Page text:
17. 17. Scotland’s new benchmarks
  18. 18. CfE – the bear traps… • Audit of outcomes against existing practice • Losing sight of the big picture • Incremental change, with intensification of workload • Piecemeal box ticking, bureaucracy • Minimal rather than transformational change to meet new requirements (often minor changes to content and changed terminology) • Strategic compliance, performativity, game-playing • Impact • Unhappy teachers – loss of trust, industrial action • Overloaded students – the assessment treadmill
  19. 19. Teacher voices “The E’s and O’s were meant to be there to declutter your programme but what you are wanting you to do now is to take that statement and then start building from it.” (Teacher Agency research, 2012) “At the end of the day a parent still wants to know where exactly their child is in language and maths. Are they on a par with their peers? Are they below or above and although we shouldn’t be labelling children in these ways, there is still pressure to do so. And it doesn’t just come from parents. It comes from the authorities as well (e.g. the [standardised] tests).” “I can cover all of these assessment parts in one, with one project here, one short project. It’s not exactly the way they are saying it, but you are not saying we can’t do it this way. And it meets all the criteria. I can tick all the boxes quite confidently. […] that is one thing that you can see with Curriculum for Excellence: that the rules aren’t quite as strict; you can tweak them without feeling too guilty.” (Highland research, 2011)
  20. 20. CfE: a process curriculum? ‘The starting point for educational planning is not a consideration of the nature of knowledge and/or the culture to be transmitted or a statement of the ends to be achieved, whether these be economic or behavioural, but from a concern with the nature of the child and with his or her development as a human being’ (Kelly, 1999).
  21. 21. CfE – a process curriculum?
  22. 22. Pros and Cons Pros • Allows content and method to be selected to meet clearly defined educational goals • An emphasis on the appropriate processes for getting there • Makes links • Flexible • Allows teachers to build on what the pupils bring Cons • Complex • Requires a high level of teacher skill and engagement
  23. 23. Teacher voices “I don’t think we do enough of ‘let’s look at the philosophy behind it’. How often in a school would teachers sit down? You just said to me ‘have you got a philosophy of education?’ I’m sure most people have. But we don’t talk about it. We don’t ever sit down and say ‘right let’s all share our philosophies and come up with a philosophy for our school’. We just look at minutiae.” (Highland research, 2011) [The SBCD approach] “allowed staff the space to question our approach to teaching and learning. It has promoted professional discussion about our different approaches. It has made teachers more aware of the original purpose of CfE and reminded them of the capacities and how these are not things that had been done previously and forgotten about but should be central to our planning, evaluations and assessment” (East Lothian research, 2013)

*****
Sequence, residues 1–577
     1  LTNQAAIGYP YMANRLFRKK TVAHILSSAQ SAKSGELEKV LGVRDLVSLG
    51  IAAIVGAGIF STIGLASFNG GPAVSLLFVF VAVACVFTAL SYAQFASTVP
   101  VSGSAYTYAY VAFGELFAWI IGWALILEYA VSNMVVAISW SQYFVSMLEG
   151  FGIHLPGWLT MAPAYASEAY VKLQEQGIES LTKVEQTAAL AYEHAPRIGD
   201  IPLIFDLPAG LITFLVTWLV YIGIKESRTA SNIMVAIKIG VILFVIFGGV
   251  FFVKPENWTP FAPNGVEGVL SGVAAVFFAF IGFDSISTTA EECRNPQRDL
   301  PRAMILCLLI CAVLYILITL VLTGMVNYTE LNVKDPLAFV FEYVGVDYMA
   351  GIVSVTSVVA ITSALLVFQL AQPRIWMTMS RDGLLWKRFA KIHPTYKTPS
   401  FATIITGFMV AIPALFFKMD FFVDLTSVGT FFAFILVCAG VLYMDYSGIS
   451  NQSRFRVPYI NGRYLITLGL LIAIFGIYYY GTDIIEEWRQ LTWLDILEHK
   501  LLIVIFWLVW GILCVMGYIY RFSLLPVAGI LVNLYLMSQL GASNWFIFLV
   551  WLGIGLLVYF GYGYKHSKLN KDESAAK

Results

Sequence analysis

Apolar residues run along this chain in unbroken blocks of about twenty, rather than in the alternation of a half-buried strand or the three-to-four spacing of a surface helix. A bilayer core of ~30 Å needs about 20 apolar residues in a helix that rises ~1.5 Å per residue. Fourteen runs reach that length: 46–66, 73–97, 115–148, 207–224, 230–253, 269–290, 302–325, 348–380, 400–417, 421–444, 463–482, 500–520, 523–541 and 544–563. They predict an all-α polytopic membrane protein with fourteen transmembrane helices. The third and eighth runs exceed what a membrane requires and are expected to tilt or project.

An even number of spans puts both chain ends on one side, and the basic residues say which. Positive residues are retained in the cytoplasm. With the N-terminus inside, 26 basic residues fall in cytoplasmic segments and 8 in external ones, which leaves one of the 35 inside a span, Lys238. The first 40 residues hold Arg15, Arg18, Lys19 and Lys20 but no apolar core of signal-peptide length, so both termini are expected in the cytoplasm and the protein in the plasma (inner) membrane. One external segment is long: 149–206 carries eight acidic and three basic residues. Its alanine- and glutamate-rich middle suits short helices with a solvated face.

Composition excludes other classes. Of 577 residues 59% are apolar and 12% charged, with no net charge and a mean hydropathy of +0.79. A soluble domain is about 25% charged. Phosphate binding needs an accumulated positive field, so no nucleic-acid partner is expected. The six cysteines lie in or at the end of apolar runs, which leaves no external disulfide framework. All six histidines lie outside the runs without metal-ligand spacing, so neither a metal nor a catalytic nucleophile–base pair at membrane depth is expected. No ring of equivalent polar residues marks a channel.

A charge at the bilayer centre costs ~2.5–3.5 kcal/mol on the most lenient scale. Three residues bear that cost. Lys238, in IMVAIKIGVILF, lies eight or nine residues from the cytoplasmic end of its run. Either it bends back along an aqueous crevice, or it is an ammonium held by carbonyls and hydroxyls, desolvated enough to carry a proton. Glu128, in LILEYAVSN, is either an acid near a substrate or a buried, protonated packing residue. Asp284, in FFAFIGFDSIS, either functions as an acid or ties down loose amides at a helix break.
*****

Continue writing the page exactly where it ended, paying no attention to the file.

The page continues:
24. 24. Can CfE be a process curriculum? Macro • Clearly specified purposes and principles • Policy as a framework of cognitive resources Meso • Need for clearer specification of processes • Need for less emphasis on reinterpreting the policy • Need to address issues that lead to performativity Micro • Practitioners engage directly with the big ideas – sense-making • Selection of appropriate content – powerful knowledge • Selection of appropriate methods – powerful pedagogies • Addressing barriers and drivers
  25. 25. An alternative foundation... From the big ideas? • Four Capacities • a better starting point if real change is desired. Allows us to start from broad questions of purpose and value, thus deriving content and method • Educational values • A concern for individual growth: qualification; socialisation; subjectification (Biesta 2010) • A concern for social values (e.g. social justice) • The teacher’s responsibility to consider the long term effects of their teaching • Sense-making is vital
  26. 26. Purposes of education? Intellectual development? • Critical awareness • The ability to think (e.g. metacognition)? Or more instrumental goals? • Solving society’s ills? • Development of useful generic skills • Raising economic competitiveness? “Education is the best economic policy that we have.” (Tony Blair) Or knowledge for knowledge’s sake • To pass exams? An academic trivial pursuit?
  27. 27. Activity one What are the big ideas? • Of CfE? • Of other current policies? • Sort the big ideas into two categories: 1] purposes; and 2] methods • Why is this an important distinction? What is education for? • What features of CfE/other policies are helpful in defining a ‘good’ education? • What is missing/problematic?
  28. 28. Selection of content Select content that is: • Interesting – stimulating student motivation • Relevant – i.e. meets the purposes of education (e.g. work skills, life skills, ‘essential’ culture such as knowledge of political system) • Promotes higher order thinking – e.g. conceptual development, enquiry skills • Powerful knowledge (Young, 2007) In other words – content that is fit-for-purpose and addresses the big ideas of the curriculum